For instance, any withdrawals from an RRSP while you are a non-resident are subject to Canadian withholding tax at varying rates depending on the amount and your country of residence. Similarly, you will no longer be able to contribute to or earn contribution room in a TFSA, although you may keep the account open and benefit from existing investments held.

Tax Obligations If You Live In Canada Temporarily 

If you live in another country for most of the year but stay in Canada temporarily, you could also be classified under several types of tax residency, including:

Non-Resident Of Canada

As a Non-Resident of Canada, if you typically live outside of Canada, lack residential ties to the country, and/or stay in Canada for less than 183 days in a year, you are not considered a tax resident of Canada. However, it is important to note that you are still required to report any income earned in Canada. This income will be subjected to either Part XIII tax or Part I tax.

Deemed Resident 

As mentioned, deemed residents often include government employees (missionaries can be eligible too). You may also qualify if you stay here for 183 days or more but don’t create residential ties and are not a resident of a country that has a tax treaty with Canada (only federal tax rules apply).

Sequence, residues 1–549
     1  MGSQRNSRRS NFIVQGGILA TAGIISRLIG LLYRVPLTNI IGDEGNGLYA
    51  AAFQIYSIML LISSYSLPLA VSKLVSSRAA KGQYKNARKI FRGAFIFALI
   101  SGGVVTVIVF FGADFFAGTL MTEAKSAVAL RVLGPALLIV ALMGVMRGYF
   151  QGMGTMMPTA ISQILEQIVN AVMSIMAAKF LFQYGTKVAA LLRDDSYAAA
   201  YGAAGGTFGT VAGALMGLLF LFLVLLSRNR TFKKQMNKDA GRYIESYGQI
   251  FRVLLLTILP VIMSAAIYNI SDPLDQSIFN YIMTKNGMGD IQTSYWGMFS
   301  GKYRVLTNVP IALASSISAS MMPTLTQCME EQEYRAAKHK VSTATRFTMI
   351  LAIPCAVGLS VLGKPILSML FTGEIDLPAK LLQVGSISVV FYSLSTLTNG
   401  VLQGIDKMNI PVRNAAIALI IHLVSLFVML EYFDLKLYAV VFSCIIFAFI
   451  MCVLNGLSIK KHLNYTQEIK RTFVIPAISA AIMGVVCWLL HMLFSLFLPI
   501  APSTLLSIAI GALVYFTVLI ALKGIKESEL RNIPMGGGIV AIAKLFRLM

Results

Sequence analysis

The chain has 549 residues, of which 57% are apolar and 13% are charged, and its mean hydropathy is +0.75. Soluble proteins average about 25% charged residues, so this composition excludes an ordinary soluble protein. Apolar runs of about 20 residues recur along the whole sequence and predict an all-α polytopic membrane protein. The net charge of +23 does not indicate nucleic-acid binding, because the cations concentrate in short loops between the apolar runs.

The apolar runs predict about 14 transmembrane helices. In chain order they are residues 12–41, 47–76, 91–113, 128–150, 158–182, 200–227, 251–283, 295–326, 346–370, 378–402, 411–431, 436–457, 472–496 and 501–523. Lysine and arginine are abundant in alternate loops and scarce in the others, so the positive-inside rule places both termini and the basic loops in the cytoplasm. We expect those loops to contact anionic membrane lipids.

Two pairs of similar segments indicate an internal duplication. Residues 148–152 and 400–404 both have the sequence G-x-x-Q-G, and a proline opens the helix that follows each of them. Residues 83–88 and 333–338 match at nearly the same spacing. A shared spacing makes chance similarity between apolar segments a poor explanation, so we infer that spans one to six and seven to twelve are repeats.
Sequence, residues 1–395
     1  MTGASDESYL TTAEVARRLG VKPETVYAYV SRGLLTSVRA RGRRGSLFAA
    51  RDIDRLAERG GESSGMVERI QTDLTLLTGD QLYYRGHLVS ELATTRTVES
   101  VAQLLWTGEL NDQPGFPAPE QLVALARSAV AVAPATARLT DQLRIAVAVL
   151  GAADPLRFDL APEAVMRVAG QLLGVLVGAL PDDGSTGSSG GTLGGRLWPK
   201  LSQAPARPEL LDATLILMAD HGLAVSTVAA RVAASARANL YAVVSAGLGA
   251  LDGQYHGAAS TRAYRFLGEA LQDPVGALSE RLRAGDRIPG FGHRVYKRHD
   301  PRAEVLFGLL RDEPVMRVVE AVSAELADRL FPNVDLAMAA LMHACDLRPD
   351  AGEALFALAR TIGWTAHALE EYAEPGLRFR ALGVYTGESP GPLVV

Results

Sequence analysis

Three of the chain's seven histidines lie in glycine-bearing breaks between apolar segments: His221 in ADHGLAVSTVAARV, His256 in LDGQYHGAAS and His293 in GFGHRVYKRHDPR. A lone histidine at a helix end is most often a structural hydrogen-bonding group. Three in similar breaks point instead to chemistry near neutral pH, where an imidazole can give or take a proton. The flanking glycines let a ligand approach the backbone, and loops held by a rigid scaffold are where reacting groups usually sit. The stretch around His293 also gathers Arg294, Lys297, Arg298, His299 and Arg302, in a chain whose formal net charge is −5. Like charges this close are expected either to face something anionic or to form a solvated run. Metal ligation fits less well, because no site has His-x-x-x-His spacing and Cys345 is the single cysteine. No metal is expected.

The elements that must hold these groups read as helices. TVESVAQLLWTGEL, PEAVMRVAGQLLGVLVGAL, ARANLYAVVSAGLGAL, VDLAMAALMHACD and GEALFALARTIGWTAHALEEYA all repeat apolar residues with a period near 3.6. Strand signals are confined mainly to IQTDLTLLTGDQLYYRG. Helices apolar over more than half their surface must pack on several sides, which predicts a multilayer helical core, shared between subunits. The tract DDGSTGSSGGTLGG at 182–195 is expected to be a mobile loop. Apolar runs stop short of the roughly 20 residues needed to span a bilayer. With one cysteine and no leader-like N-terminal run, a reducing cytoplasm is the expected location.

Non-Resident Of Canada With Rental Income

If you are a non-resident earning income from real or immovable property in Canada, it’s required that your payers, such as tenants, or agents, like property managers, withhold a 25% non-resident tax on the gross rental income paid or credited to you. The specific reporting rules for this tax can vary depending on individual circumstances.

Are you a landlord? Check out these tax deductions for landlords in Canada.

Seasonal Workers

Various tax rules may also apply to seasonal agricultural workers, employers and the liaison officers who help them meet their Canadian tax obligations. These parties are to be considered as non-residents, deemed residents or deemed non-residents until they establish residential ties in Canada.

The Canadian Tax System 

Our country’s tax system is administered by the Canada Revenue Agency (CRA) and dictates that a portion of each resident’s yearly income be paid if they’re living within Canadian borders. The CRA is responsible for collecting information about all taxes in Canada and residents must pay income taxes no matter where they are in the world.    

However, while non-residents must still file a self-assessment tax return, they only need to pay taxes on the income they’ve earned within Canada from January 1 to December 31 of the appropriate tax year. So, according to the terms of our country’s tax system, your obligations as a taxpayer will depend on what type of resident you qualify as.

Federal Income Tax Rates For Residents (For 2024)

Federal Tax RateFederal Income Tax Brackets
15%Applicable to taxable income up to $55,867